Amnesty International and Human Rights Watch said that the arrest amounted to an enforced disappearance, a violation of international law.
The Rwandan authorities denied that Mr. Rusesabagina had been mistreated. But they did not hide their glee in apprehending him. Rwanda’s spy chief, Maj. Gen. Joseph Nzabamwita, called it a “wonderful intelligence operation.”
The trial officially began in February after the court rejected Mr. Rusesabagina’s argument that he could not be tried in Rwanda because he was no longer a citizen. A Belgian citizen and a permanent resident of the United States, he was denied bail even though his family and lawyers raised concerns about his poor health.
In March, he said he would no longer participate in the trial because he did not expect it to be fair. As late as Friday, his lawyers said that the prison authorities were continuing to subject them to searches and had confiscated confidential legal materials related to the case — an issue that Rwanda’s immediate former attorney general inadvertently admitted on a video recording.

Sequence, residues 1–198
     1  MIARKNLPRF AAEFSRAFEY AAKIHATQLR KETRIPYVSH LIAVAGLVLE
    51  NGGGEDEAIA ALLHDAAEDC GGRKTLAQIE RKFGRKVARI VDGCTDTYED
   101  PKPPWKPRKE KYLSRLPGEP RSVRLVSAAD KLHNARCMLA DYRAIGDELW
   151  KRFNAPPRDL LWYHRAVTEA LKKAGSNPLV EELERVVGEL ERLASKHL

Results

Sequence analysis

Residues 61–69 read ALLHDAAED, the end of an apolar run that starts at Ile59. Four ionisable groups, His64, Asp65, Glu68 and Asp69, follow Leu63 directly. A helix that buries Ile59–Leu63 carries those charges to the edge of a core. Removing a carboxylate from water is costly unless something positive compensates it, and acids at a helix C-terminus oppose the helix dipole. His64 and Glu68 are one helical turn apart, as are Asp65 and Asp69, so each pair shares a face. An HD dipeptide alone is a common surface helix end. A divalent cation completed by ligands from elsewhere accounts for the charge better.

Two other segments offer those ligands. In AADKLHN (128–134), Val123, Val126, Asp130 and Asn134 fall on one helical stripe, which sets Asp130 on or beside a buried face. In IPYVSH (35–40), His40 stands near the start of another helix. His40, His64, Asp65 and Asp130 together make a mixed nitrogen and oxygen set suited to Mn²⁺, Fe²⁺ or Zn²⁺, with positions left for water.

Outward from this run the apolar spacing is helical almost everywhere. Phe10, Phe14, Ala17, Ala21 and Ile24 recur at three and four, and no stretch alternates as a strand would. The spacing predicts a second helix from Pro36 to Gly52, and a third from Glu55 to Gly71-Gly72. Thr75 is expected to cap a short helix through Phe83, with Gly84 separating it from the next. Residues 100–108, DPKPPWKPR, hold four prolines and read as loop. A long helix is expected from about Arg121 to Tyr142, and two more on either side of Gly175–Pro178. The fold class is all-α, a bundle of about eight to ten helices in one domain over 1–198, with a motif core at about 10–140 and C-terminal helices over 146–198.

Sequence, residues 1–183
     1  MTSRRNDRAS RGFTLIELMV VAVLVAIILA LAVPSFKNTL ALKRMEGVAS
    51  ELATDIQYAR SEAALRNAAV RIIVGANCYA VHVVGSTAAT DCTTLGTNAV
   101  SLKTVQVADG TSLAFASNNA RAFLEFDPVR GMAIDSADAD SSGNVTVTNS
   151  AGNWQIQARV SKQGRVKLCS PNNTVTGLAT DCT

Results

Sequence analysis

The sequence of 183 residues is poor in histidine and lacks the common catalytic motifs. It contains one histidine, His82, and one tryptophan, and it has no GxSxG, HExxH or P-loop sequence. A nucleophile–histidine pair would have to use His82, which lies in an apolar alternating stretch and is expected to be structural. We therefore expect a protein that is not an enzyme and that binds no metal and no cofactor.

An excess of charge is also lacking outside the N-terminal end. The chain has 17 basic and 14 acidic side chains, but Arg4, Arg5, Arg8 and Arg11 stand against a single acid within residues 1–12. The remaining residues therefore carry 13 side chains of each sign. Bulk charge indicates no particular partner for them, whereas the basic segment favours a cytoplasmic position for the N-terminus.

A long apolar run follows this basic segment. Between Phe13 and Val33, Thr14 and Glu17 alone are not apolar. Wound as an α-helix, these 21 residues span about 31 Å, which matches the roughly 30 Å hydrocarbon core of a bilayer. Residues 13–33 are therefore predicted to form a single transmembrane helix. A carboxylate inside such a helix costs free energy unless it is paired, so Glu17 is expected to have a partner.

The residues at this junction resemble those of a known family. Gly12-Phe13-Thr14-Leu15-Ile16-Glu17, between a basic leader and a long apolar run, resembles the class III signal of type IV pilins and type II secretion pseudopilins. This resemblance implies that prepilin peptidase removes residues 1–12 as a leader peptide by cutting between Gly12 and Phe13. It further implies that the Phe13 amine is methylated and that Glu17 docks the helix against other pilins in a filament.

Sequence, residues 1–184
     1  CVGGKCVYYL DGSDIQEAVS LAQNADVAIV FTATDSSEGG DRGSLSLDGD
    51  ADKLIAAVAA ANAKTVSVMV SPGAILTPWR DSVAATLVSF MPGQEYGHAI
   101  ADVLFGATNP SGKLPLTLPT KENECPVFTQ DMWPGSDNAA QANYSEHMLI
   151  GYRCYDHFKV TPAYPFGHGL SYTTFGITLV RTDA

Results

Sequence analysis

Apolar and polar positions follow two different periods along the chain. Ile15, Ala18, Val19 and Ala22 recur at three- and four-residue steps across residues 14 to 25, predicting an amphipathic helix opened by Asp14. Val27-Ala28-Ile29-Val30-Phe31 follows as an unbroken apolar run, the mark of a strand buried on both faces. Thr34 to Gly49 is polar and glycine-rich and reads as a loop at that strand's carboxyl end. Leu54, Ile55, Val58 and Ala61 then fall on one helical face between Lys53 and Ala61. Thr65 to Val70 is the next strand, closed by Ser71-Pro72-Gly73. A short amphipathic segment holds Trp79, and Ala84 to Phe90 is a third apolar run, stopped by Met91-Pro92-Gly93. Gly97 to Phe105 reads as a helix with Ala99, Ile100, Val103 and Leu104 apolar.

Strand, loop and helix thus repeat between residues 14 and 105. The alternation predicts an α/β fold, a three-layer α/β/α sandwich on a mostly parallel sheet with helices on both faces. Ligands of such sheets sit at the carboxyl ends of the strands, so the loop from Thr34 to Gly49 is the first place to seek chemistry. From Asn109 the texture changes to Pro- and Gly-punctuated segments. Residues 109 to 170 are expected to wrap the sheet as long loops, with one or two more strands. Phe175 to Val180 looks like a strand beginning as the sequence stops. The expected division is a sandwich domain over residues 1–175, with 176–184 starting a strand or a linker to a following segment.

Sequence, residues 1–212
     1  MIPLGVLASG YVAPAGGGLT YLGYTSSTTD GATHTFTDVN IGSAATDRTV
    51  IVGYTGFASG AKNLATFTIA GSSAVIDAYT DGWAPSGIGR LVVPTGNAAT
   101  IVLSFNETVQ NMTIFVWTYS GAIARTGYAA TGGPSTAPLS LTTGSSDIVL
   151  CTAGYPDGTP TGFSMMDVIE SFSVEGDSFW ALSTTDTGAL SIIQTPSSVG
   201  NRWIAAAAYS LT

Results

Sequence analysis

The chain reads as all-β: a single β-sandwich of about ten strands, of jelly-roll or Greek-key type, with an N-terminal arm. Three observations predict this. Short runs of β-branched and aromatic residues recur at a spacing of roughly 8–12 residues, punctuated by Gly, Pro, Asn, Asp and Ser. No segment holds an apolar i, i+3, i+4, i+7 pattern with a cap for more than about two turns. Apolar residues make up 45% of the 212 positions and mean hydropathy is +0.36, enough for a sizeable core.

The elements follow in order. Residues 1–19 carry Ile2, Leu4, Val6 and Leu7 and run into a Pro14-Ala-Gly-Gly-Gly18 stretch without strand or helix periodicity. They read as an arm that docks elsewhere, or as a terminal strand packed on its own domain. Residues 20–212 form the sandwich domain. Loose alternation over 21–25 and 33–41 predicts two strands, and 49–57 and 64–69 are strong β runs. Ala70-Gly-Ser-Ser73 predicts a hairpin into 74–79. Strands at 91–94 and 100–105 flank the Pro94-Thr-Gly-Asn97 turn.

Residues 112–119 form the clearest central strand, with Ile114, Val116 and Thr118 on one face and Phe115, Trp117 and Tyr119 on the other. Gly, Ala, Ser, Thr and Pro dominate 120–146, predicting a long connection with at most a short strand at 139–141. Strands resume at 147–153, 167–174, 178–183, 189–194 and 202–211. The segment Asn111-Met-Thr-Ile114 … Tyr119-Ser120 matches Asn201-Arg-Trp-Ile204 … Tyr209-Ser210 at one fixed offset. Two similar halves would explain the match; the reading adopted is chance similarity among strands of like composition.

As the trial progressed, some of Mr. Rusesabagina’s co-defendants recanted their testimony against him, saying that he had never belonged to a rebel group or ordered attacks. Among them was Callixte Nsabimana, the armed group’s former spokesman, who was brought to Rwanda from Comoros under mysterious circumstances in 2019.
Mr. Nsabimana was found guilty on Monday of genocide denial and of forging documents.
Callixte Nsabimana, left, a former rebel spokesman, seen during a court hearing in 2019, recanted his testimony against Mr. Rusesabagina. Credit…Cyril Ndegeya/Agence France-Presse — Getty Images
In June, Mr. Rusesabagina’s international defense team said authorities had told him they would stop his access to food, water and medicine — a move that, they said, was meant to pressure him to return to trial. The Rwandan authorities said that he had been treated like other inmates and that he had access to meals and a medical doctor.
Released from solitary confinement after 258 days, Mr. Rusesabagina had been attending church on Saturdays, taking short daily walks, talking to his family once a week and reading books sent by family members. But his interaction with inmates was very limited, Mr. Rudakemwa, his lawyer, said.
“No one is allowed to talk to him,” he said. “It’s like another isolation.”